The town of Wittgendorf was fun, well at least looking back on it. Fortunately I wasn't the one that looked at the foul spider baby to gain Insanity Points. I think we did start a fight at the pale lady encounter and slew some of the guards as Lady Margritte rode off. Additionally, we did find the warp blade in the ruined Temple of Sigmar. I don't recall who carried it, but it did help immensely in the fight(s) in the castle later on. We rummaged around the town only briefly after fighting the guards and did not encounter Jean Rouaeaux or his brew house and horror filled basement.
Playing the part of my new character I led the party to Sigrid the outlaw chief. In short order we agreed to explore the secret way in (Under the castle/ areas #1-11). We did assault the guards at area 8 and secure our boat again. Why we didn't pilot it out and leave I'll never know ;) as it were we took the stairs that ended up in the ruins of the Outer Baily among the mutated beggars. Since we were fairly stealthy and had not fought any guards other then the ones by the river gate the alarm had not been raised. Carefully picking our way we made it all the way to inner areas where we encountered the chaos warrior Ulfhednar the Destroyer (Jeff also used the mini for his BBEG in THE CAMPAIGN) who put a hurting on us. (he was not in his guest room so we encountered him much closer to the entrance). My memory is hazy, but after fighting him we hightailed it back to outlaw camp. Somehow we encouraged them enough to assault the castle with us heading back through the secret entrance and creating diversions.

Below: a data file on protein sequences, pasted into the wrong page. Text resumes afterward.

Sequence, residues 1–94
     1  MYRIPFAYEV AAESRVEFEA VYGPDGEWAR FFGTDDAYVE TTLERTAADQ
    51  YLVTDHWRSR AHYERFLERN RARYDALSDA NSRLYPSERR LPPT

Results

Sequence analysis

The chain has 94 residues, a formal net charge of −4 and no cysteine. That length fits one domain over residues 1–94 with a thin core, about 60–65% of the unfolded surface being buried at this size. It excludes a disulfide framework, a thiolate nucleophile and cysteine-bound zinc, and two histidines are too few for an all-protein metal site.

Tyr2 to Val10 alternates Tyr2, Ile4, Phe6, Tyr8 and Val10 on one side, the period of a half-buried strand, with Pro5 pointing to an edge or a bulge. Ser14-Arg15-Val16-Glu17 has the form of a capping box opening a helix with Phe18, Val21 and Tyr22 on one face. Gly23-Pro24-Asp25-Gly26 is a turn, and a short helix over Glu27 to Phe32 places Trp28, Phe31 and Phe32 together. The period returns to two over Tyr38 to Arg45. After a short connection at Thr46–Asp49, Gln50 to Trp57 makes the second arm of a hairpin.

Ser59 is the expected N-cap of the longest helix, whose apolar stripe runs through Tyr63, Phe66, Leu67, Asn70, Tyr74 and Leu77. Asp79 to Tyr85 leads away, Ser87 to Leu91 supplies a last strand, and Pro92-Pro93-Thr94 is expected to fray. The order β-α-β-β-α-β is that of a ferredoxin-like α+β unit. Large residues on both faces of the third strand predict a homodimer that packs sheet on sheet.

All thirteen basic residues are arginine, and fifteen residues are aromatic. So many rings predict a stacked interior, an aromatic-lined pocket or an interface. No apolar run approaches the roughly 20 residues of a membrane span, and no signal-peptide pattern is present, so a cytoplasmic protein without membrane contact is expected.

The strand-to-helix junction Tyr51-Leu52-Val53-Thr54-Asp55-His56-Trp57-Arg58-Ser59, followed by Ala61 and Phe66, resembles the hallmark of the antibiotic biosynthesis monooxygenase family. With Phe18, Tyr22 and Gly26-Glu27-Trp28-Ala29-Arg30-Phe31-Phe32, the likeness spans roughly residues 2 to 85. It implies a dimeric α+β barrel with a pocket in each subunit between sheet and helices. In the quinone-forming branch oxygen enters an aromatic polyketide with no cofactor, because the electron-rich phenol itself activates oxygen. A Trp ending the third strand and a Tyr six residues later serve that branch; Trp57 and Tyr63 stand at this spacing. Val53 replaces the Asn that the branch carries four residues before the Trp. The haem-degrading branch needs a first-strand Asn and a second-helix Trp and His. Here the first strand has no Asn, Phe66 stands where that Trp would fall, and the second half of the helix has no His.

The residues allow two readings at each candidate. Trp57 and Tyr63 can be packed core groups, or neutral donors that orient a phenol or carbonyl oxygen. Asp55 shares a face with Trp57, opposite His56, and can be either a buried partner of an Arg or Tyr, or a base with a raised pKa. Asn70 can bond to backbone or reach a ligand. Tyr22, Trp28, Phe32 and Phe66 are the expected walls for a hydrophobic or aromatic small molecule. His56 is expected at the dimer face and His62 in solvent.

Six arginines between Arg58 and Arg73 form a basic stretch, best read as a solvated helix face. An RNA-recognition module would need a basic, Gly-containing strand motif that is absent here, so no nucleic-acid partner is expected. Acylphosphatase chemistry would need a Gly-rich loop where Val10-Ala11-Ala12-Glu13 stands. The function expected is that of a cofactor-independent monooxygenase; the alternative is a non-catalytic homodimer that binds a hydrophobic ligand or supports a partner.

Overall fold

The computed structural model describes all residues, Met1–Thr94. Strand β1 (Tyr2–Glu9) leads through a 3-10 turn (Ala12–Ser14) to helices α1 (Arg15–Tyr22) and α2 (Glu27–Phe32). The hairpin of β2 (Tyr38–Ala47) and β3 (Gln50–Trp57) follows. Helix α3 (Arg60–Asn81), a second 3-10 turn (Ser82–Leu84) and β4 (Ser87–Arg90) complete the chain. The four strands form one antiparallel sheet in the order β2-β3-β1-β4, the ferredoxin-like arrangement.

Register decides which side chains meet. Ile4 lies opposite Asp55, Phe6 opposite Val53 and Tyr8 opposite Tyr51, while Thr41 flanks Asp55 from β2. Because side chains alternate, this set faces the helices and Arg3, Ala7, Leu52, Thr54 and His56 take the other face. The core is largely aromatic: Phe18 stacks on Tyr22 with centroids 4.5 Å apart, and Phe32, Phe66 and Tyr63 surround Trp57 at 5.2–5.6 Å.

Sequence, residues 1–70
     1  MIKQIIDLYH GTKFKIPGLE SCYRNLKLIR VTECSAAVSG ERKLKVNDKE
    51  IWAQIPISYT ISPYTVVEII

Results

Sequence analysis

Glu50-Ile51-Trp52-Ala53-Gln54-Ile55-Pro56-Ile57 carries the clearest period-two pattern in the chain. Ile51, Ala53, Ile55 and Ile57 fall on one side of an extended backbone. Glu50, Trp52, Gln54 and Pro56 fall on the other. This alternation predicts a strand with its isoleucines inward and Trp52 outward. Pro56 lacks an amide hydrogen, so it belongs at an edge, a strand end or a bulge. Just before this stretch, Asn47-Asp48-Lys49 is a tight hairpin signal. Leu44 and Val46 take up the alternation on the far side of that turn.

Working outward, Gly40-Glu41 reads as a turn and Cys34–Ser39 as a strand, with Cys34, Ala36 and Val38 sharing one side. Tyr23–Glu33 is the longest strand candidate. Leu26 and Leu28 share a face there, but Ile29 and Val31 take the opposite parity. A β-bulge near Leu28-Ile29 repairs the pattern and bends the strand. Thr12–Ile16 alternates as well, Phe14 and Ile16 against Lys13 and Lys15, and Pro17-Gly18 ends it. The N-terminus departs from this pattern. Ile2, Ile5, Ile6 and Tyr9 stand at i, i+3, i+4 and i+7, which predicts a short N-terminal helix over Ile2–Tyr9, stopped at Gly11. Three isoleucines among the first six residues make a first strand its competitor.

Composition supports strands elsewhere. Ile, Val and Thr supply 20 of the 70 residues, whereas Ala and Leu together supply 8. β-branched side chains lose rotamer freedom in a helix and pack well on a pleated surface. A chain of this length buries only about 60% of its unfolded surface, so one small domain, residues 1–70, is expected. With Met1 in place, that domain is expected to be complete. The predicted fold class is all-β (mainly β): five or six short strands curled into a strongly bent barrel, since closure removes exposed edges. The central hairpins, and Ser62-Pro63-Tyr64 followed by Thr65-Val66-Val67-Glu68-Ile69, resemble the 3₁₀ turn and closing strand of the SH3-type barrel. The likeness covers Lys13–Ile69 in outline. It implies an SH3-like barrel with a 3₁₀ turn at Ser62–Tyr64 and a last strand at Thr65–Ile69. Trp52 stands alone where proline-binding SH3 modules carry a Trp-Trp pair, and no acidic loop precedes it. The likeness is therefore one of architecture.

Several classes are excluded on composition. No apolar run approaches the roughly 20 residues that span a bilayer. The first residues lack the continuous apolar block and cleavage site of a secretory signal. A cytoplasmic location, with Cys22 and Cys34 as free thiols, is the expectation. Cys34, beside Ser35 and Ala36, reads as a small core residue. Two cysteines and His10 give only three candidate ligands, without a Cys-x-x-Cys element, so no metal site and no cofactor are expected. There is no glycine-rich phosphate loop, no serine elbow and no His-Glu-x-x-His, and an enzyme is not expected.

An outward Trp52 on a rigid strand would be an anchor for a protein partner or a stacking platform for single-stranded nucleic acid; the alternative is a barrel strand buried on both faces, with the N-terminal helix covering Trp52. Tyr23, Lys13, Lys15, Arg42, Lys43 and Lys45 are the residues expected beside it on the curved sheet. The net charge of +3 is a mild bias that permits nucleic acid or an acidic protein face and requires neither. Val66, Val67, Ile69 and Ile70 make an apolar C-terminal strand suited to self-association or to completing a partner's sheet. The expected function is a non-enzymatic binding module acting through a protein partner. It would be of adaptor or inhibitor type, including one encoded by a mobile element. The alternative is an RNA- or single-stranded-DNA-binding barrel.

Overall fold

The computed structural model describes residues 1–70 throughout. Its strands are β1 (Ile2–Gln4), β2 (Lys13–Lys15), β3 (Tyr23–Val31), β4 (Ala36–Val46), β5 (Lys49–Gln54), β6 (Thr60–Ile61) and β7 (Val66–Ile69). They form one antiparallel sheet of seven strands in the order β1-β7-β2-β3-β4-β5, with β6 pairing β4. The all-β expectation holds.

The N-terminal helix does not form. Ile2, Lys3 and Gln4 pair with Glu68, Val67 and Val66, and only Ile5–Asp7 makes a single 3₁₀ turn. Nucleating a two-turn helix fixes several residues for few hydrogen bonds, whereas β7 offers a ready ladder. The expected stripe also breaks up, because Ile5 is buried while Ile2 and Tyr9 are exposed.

I don't recall us adventuring much after this. I'm not entirely sure we made it to the end to confront Lady Margritte and her monster. Reading through the module many years later as a GM I felt let down by the Frankenstein rip-off of the ending. If I ran it again I'd change the ending to something less cliched. As it was the only time I GMed it the party never got close to area 61-62.
Some random thoughts:
- * Much like Q1- Queen of the Demonweb Pits at the end of the GDQ series
it feels stilted, as in not part of the overall flow of the modules. Q1
needed a much better ending and in my opinion was done better and more
in character here. So fans banded together and produced Empire at War (I've not read through the whole thing yet so I can't vouch for its quality).
- Death on the Reik is regarded as one of the best RPG modules of any system and I'm not going to disagree. It was fantastic to adventure in and I loved every minute of it, PC death and all, well aside from the in my opinion tepid ending
- Another thing that I always remember is the spooky weirdness of Castle Von Wittgenstein. The maps were uber-cool and the atmosphere dark and grim with mutants living in the courtyard! The graphic/design cartography was always top notch in WFRP products but Death on the Reik was perhaps at the pinnacle.
- When I've GMed Warhammer the players were curiously reluctant to explore more of the castle or were much more cautious... I wonder why that is????
- The River Life of the Empire section is fantastic. It really is full of very useful information for a campaign set in the Empire. Couple this with pages 4-38 of Shadows over Bogenhaufen and you have more then enough material for a Empire based campaign.